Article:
May 24, 2013 5 Comments
Japanese modern fiction is something I enjoy and read occasionally. I’m a fan of Haruki Murakami (e.g., The Wind-up Bird Chronicle) and I also loved books like The Devotion of Suspect X and Battle Royale.
The Thief is not typically Japanese, I thought. It’s set in Japan, but it could have taken place in other locations quite easily. I didn’t like it more or less because of that, it’s just an observation!
The Thief: What it is about
What the publishers say: “A Toyko pickpocket commits one crime too many – and finds himself way out of his depth. A taut, stylish noir thriller from one of the most feted new voices in Japanese fiction.
Nishimura is a seasoned pickpocket, weaving through Tokyo’s crowded streets, in search of potential targets. He has no family, no friends, no connections . . . But he does have a past, which finally catches up with him when his old partner-in-crime reappears and offers him a job he can’t refuse. Suddenly, Nishimura finds himself caught in a web so tangled and intricate that even he might not be able to escape.“
The Thief: What I thought
This is a very well-written story about a pick-pocket. I loved reading about his methods to steals people’s wallets and how he got into the profession. I didn’t like it when he got involved with a gangster-type. It was not of his own volition and quite easy to see how this might happen. Still, what happened after that, was more interesting than I had expected.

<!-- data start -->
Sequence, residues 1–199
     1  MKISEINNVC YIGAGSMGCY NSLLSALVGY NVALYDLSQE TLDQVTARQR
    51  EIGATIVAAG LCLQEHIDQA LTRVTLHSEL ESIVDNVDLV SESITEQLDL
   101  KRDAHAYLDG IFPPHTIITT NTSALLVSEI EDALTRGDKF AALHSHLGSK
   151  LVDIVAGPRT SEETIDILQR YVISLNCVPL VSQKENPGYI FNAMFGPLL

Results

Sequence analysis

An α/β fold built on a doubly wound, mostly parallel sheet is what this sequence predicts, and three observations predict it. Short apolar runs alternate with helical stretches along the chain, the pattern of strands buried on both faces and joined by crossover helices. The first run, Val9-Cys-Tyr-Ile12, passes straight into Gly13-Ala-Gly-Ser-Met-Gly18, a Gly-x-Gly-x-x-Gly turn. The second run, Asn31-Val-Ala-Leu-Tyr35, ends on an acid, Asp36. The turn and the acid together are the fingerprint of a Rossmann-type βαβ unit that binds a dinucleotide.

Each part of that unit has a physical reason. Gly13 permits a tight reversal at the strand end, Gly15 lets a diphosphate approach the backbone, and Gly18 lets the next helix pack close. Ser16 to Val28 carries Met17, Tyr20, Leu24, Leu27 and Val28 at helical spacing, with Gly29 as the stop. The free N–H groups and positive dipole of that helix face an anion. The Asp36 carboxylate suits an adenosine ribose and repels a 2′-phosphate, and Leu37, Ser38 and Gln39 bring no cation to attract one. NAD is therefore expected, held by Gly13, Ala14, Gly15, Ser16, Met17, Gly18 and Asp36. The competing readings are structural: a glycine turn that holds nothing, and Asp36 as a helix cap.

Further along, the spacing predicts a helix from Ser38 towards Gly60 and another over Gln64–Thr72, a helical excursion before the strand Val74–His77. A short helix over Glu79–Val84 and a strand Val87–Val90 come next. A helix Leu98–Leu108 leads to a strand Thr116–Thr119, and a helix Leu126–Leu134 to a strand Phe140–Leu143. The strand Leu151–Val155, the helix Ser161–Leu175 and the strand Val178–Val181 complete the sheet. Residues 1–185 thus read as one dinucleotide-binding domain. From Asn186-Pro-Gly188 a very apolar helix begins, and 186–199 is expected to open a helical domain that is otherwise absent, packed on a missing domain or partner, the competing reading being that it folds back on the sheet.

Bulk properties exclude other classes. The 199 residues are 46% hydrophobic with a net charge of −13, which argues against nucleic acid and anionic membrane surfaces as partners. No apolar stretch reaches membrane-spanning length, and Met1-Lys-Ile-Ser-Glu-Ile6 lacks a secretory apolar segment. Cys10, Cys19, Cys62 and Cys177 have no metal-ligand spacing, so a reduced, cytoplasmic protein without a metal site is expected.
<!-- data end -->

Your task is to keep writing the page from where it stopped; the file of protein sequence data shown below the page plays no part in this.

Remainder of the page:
The thief is clever and creative with his skills. Except for picking pockets, he seems quite an honest person, ready to help out others in need when he can. So, I quite liked him as a main character.
The story itself is sometimes confusing (I wasn’t always sure what was happening now and in the past) but it stays interesting until the (bitter) ending.
What it lacked (a little) in plot, it more than made up by writing style and the topic. I thoroughly enjoyed reading this short book.
Rating: 5 out of 5 stars
Number of pages: 212
First published: 2009 (Japanese edition; UK edition: 2012 (hardback), May 2013 (paperback))
I got this: from Corsair for review
Genre: contemporary fiction